In addition to deforestation, disease and poaching, human-elephant conflict seems to be the most widespread and difficult issue to tackle in elephant conservation. Conflict often occurs when humans move into elephant habitat. These areas still seem "wild," but due to human activity there is no longer room for elephants in the landscape.

"Humans are going into elephant habitat to build farms and to live, and often both elephants and humans end up paying the price," says Olson. Many elephants are shot or poisoned for encroaching on human areas because they pose a danger or become pests. For this reason, many IEF projects are aimed at resolving this conflict so that elephants and humans can coexist positively in areas where they will inevitably interact.

Where elephants exist in the lowest numbers is often within countries whose governments are unstable, making conservation laws difficult to enforce. These areas are of particular importance to the IEF because in many cases the governments are not capable of protecting elephants themselves. Where the sale of an ivory tusk may be worth a year’s salary, or a clear-cut field can be converted to large-scale agriculture, successful conservation initiatives must be aimed at altering the way in which elephants are used as an economic resource.

Despite small or no tusks, Asian elephants are ten times more endangered than their African counterparts.International Elephant Foundation

Ecotourism programs are one way of doing this. In 2008, the Cambodian Elephant Conservation Group plans to terminate forest clearing in key elephant habitat, while simultaneously improving livelihood strategies, raising local awareness and developing ecotourism in the Prey Proseth Village. This will not only generate new jobs, but in treating the local natural resources as commodities they will gain value in their pristine form to local people, hopefully creating an incentive to preserve them that outweighs the benefit of exploitation.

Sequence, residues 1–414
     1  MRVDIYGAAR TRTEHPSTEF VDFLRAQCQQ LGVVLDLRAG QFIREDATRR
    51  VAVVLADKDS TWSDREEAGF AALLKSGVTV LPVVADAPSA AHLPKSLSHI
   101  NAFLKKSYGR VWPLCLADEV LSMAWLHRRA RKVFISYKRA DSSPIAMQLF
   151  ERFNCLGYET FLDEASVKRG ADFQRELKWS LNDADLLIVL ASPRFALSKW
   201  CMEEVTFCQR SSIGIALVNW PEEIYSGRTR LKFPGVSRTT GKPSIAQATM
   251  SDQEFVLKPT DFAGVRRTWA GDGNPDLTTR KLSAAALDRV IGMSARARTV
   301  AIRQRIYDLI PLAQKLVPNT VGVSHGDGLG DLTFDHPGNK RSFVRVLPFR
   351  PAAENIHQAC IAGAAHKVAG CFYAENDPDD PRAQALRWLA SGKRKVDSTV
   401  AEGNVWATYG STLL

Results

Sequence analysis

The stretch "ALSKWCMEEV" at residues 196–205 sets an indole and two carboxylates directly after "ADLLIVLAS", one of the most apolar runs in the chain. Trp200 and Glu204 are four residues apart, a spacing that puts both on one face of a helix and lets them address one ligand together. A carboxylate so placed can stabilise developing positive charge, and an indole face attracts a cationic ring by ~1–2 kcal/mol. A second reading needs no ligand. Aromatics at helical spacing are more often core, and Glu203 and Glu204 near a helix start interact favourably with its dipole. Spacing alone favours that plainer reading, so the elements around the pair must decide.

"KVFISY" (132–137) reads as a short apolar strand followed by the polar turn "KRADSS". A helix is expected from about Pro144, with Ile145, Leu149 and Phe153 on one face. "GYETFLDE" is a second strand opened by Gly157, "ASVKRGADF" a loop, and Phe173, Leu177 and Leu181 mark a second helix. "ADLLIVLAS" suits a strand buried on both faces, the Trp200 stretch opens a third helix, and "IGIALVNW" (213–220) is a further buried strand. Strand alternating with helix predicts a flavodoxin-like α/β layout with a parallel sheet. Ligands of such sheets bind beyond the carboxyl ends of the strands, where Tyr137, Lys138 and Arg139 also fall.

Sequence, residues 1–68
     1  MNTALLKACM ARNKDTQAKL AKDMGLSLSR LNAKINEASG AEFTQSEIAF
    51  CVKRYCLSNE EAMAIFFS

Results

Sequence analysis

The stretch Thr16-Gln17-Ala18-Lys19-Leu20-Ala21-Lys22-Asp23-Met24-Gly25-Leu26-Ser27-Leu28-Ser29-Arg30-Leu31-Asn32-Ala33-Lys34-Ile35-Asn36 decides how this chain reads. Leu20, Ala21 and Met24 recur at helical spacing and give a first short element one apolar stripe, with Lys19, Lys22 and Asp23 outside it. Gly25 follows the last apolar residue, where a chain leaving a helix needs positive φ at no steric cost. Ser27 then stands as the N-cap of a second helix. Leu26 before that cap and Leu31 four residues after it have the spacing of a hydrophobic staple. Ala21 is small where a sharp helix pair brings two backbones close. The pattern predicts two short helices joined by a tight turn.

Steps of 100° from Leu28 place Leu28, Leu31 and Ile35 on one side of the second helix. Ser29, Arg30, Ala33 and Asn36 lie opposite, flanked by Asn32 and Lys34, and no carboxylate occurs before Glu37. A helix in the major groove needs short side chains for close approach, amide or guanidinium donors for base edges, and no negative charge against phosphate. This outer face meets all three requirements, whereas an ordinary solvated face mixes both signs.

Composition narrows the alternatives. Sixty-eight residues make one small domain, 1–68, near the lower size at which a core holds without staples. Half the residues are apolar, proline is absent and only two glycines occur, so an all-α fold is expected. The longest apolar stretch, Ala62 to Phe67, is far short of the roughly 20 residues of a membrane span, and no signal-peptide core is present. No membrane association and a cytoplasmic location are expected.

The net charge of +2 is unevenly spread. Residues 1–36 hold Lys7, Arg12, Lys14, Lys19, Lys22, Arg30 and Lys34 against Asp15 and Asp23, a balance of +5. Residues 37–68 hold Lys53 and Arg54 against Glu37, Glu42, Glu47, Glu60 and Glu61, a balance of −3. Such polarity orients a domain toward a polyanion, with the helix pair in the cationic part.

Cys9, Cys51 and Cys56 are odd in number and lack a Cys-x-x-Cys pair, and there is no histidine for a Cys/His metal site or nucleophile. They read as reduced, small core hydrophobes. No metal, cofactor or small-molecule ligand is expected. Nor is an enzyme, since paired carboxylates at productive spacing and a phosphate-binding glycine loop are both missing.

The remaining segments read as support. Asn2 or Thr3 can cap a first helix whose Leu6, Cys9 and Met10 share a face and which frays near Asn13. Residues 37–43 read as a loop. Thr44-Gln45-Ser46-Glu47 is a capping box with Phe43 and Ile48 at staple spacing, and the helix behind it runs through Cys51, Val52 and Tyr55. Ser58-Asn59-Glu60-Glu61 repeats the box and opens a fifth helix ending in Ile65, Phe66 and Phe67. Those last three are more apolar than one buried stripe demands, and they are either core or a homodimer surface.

Another way of reducing human-elephant conflict is to build physical barriers. The "Save Elephants by Helping People" project is underway in rural Sri Lanka, and aims to benefit both farmers and elephants. The construction of a nine-mile electric fence will coincide with training programs for community leaders from numerous community fence maintenance organizations, placing the sustainability of the project into the hands of local people. The project will also be used as a study of the effectiveness of biological fences.

As habitat fragmentation threatens moving populations, research efforts will focus on tracking elephant movement and migration, to assure elephant groups have access to critical migration routes.

Educating the public, not only in elephant habitat, but all over the world, is another important piece of conservation because elephant habitat is being affected by the actions of people around the globe. With the increasing demand for biofuel crops, there is a huge incentive to clear land, especially in the tropics of Africa and Asia, biodiversity hotspots and prime elephant habitat. More and more land is being devoted to growing oil palm trees to produce palm oil used to generate biofuels. Last year, palm oil surpassed soybean oil as the most widely produced vegetable oil in the world, and though the direct strain this places on agricultural land is felt by a few regions concentrated in the tropics, the demand comes from everywhere.

Understanding the interconnectedness of all the world’s ecosystems is key to restoring and protecting our planet. Even such things as plastic water bottles use resources often extracted from elephant ha

bitat. "Our actions have such a powerful effect on our entire world and we need to be more careful about our choices," Olson says. "I encourage everyone to educate themselves about the environment and be aware of the impact that we have on the planet."

SAMANTHA GRASSO is a natural resource management and engineering major at the University of Connecticut and an intern at E.


International Elephant Foundation

Association of Zoos and Aquariums